Video of PBOT crews workingVIDEO of PBOT crews using a long excavator March 16 to remove root balls, soil and other debris from the landslide. See PBOT's YouTube account.

 

Paving crew on West Burnside

Crews placed asphalt at a rate of 45 feet per minute on Thursday, with detail work to carefully smooth out the hot material along the way and rollers following close behind. Photo by Dylan Rivera, Portland Bureau of Transportation.

Sinkhole repairs and pavement improvements

Persistent rain has delayed pavement projects and pothole repairs all spring. For example, after weeks of rain delays, PBOT crews worked on Sunday March 19 to take advantage of a sunny day to start a paving project on NE 122nd Avenue, between NE Halsey and NE Stanton.

On West Burnside, PBOT crews scrambled to make the most of a sunny day on Thursday to repair sinkholes and potholes and lay new pavement on West Burnside from SW Skyline to the city limits near SW Barnes Road. Grinding and repaving a half-mile stretch of road often takes a week or more. But with overtime and additional staffing drawn from other work, PBOT was able to repave nearly two lane miles of roadway in three days. One lane mile is equivalent to one 12-foot wide lane, one mile long.

PBOT combined two paving crews and used other staff who normally do other Maintenance Operations work to help with the effort, which included:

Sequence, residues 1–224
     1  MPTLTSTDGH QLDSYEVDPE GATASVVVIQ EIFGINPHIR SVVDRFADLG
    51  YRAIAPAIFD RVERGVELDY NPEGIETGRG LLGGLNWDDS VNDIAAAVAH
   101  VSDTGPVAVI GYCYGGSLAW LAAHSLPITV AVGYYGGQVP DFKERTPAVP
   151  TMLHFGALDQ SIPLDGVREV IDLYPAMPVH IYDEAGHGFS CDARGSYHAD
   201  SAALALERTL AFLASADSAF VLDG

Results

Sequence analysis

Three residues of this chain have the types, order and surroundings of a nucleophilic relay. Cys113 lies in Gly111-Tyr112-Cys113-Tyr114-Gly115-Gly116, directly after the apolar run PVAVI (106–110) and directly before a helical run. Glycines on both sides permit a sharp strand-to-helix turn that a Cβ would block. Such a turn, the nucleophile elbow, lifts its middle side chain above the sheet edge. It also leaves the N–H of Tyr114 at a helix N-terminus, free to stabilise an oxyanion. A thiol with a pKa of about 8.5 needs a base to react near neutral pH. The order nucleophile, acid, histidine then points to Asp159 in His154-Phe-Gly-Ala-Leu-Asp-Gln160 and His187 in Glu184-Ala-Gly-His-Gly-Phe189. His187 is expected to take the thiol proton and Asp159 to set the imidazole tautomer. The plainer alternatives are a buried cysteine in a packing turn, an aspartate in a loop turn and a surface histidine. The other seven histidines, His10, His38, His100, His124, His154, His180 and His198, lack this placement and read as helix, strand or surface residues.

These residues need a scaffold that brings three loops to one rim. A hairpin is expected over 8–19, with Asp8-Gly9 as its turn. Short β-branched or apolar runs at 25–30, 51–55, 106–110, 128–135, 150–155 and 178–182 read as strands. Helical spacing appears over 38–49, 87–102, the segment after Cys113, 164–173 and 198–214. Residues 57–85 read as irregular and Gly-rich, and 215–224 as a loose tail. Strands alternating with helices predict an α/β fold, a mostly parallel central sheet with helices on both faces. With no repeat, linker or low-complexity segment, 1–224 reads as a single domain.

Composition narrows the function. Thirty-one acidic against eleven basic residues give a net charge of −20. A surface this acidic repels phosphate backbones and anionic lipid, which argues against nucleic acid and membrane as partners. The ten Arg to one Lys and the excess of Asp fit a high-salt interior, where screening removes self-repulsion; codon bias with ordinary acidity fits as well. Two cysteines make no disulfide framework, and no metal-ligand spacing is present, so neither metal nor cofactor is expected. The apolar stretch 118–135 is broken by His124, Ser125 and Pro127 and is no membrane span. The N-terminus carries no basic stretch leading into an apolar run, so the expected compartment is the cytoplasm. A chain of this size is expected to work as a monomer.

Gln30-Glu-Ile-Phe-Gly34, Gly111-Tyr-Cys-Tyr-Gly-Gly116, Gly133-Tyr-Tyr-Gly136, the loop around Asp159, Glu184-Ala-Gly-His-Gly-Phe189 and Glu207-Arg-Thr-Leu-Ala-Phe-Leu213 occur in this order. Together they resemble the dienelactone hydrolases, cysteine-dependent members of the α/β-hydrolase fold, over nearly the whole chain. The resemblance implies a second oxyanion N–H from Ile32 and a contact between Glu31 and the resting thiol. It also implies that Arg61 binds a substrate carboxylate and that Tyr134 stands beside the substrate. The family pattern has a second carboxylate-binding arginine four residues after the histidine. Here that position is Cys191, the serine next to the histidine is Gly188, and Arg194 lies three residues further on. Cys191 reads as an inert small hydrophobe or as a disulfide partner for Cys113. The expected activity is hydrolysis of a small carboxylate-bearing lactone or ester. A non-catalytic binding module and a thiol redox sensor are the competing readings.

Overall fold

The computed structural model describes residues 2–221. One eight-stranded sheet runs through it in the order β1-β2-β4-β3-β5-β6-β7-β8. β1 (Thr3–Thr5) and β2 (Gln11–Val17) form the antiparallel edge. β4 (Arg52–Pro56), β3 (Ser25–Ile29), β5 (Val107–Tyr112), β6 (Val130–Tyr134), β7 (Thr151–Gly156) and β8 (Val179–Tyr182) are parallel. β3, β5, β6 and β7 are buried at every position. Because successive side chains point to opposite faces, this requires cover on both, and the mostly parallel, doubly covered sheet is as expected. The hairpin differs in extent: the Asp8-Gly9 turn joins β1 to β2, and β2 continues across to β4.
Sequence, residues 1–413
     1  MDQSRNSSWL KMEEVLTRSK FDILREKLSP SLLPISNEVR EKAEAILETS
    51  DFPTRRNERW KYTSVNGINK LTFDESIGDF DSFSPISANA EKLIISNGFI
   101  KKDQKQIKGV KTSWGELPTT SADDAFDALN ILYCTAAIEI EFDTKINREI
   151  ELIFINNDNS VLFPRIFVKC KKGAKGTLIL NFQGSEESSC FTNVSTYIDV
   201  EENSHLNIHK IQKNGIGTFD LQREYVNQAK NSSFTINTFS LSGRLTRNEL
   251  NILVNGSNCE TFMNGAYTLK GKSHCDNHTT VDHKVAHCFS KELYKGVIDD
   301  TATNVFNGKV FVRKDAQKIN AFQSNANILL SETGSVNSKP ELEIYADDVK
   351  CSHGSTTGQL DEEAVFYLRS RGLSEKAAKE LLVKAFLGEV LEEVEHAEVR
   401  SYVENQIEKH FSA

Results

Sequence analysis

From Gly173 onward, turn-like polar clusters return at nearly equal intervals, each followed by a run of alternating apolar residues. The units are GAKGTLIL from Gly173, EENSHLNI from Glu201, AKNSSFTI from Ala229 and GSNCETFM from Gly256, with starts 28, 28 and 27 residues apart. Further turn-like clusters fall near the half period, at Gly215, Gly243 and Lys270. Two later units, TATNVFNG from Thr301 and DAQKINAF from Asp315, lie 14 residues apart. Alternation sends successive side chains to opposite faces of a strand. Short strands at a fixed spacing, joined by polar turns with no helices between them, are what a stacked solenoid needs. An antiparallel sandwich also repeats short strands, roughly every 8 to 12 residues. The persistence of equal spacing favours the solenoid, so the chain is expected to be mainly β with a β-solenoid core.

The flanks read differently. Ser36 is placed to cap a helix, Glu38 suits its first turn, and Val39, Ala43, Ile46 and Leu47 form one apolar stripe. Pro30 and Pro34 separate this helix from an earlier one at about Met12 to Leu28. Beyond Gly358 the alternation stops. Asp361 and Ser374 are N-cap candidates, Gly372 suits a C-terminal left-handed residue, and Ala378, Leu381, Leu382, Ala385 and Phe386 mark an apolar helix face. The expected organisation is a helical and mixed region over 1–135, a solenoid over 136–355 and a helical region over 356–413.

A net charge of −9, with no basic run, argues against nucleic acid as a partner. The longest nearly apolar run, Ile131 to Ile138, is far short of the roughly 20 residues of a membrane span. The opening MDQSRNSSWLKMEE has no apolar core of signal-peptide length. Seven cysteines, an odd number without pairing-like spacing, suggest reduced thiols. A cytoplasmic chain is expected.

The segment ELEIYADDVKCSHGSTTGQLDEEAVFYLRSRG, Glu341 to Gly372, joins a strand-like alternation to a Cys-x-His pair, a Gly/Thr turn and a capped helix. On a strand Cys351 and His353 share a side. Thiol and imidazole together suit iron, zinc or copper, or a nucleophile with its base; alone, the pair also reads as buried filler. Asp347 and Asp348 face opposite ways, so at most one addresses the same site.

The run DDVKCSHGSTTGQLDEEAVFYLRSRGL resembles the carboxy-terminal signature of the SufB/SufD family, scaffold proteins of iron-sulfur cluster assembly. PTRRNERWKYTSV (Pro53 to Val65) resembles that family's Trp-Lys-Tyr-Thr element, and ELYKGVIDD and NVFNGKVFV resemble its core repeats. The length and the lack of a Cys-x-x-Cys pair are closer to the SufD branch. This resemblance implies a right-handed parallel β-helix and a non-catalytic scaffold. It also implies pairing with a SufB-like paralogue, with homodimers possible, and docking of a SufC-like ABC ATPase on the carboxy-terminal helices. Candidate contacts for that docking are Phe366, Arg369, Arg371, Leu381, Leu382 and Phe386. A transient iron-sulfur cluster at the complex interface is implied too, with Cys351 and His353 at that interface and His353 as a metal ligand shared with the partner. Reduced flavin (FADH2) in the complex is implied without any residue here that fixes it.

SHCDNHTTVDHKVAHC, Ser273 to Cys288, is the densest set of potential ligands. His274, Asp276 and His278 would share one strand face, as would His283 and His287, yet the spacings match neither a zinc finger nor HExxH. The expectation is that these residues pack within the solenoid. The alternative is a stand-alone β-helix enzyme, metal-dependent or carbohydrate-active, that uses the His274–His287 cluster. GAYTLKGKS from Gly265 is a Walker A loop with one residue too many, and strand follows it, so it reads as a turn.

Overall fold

• About 40 people, including truck drivers and crews leaders;
  • 1,600 tons of asphalt;
  • 19 dump trucks;
  • 2 paving machines;
  • 4 rollers.

To reopen the roadway as soon as possible, crews installed temporary lane markings. They will return with permanent striping in coming weeks when weather conditions allow.

Crews also improved drainage in areas where stormwater was not draining properly into roadside storm drains.

In addition, there were several places where the base underneath the pavement had been compromised and needed to be replaced. When roads need such base repairs, they often appear to have wavy surfaces that distract drives, collect rain and form potholes.

PBOT crews removed 1,380 cubic yards of debris on Wednesday through Friday. This is by far the largest of the 42 landslides PBOT crews have responded to this winter. A landslide on SW Skyline Blvd in February displaced more than 600 cubic yards of debris.

Pennie Nielsen drives a dump truck 

Pennie Nielsen drives a dump truck most days, and a snowplow in the recent snow storms. With 24 years at PBOT, she was one of about 40 crew members working to repair and repave West Burnside this week. Photo by Dylan Rivera, Portland Bureau of Transportation, March 23, 2017.